Children & Juvenile Dermatomyositis (JDM)

Posted Friday, September 29, 2017

Did You Know? Juvenile Dermatomyositis rarely occurs under age 2

Unlike Adult Dermatomyositis, in JDM There is No Increased Risk of Cancer

JDM Begins in Children Under 16 and Affects 3-5,000 Children in the United States

Juvenile Dermatomyositis (JDM) is a rare autoimmune disease that most commonly occurs in children 5-10 years of age. It is an inflammatory condition that affects the muscles, skin and blood vessels. Dermatomyositis belongs to a group of diseases and disorders of the muscles called inflammatory myopathies. The cause is unknown; however, the leading theory is that the body’s immune system mistakenly directs inflammation against muscle cells and blood vessels in the skin and muscles, resulting in damage, rash and weakness.

01 | Common Signs and Symptoms

The two most common features of JDM are a violet-colored rash on the face, eyelids and on the areas around the nails, elbows, knees, chest and back; and progressive muscle weakness of the trunk of the body. This may affect the child’s ability to get out of a chair, off the floor or into a car.

Other symptoms include:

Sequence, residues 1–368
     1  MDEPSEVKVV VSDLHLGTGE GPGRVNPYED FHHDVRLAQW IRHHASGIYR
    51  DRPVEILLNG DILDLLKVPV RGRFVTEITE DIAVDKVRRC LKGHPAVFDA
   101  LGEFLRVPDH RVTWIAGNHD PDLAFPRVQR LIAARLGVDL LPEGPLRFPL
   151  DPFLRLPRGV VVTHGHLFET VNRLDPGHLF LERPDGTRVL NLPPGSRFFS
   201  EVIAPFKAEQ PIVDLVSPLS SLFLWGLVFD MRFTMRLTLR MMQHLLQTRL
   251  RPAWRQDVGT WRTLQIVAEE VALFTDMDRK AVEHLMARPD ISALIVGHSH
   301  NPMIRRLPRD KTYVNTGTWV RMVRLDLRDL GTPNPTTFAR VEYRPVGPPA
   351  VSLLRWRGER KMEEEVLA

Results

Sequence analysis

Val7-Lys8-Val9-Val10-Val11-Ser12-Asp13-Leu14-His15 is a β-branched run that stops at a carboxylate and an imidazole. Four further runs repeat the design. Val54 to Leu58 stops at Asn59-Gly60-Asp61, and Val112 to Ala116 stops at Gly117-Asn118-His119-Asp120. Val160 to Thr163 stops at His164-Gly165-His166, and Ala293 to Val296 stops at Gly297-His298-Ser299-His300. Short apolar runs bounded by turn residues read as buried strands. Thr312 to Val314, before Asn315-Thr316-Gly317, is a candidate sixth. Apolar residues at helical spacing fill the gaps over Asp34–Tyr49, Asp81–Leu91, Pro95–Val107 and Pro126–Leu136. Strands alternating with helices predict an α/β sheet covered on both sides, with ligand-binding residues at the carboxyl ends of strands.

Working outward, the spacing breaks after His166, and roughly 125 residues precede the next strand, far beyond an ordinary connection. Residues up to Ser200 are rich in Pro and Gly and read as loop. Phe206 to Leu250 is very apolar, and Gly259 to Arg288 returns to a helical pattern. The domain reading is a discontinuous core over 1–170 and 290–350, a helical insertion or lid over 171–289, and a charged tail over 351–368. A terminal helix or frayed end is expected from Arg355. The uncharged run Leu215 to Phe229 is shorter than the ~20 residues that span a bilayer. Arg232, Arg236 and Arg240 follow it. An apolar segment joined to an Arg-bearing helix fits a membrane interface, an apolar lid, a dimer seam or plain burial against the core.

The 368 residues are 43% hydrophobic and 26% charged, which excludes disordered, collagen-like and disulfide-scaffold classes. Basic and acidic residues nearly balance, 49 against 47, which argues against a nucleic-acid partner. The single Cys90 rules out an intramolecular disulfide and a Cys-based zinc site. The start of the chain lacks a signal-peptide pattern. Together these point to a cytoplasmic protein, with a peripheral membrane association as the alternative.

• Difficulty swallowing and voice changes
  • Muscle pain or tenderness
  • Fatigue, fever and weight loss
  • Calcium deposits under the skin
  • Stomach ulcers and intestinal tears
  • Lung problems

02 | Diagnosing JDM

In order to obtain a positive diagnosis of Juvenile Dermatomyositis, your Pediatric Rheumatologist will likely perform the following tests:

  • MRI – for detection of subtle muscle inflammation and swelling early in the disease
  • Muscle biopsy – to reveal inflammation or damage of the muscular tissue, as well as muscular dystrophy or infection
  • Nailfold capillaroscopy – abnormal swelling and distortion of the blood vessels can be seen with the cuticles of the nails. This finding suggests active JDM. The examination is performed by using a lighted magnifying tool to inspect the nailbed.

03 | JDM Treatment

Treatment can minimize inflammation, improve function and prevent disability. Remission is possible in many cases. Treatment options may include:

  • Corticosteroids and methotrexate to treat inflammation
  • Hydroxychloroquine to treat skins symptoms
  • Intravenous therapy to block harmful antibodies
  • Speech and Physical therapy

For additional resources on treatment options and finding support for JDM, please visit:

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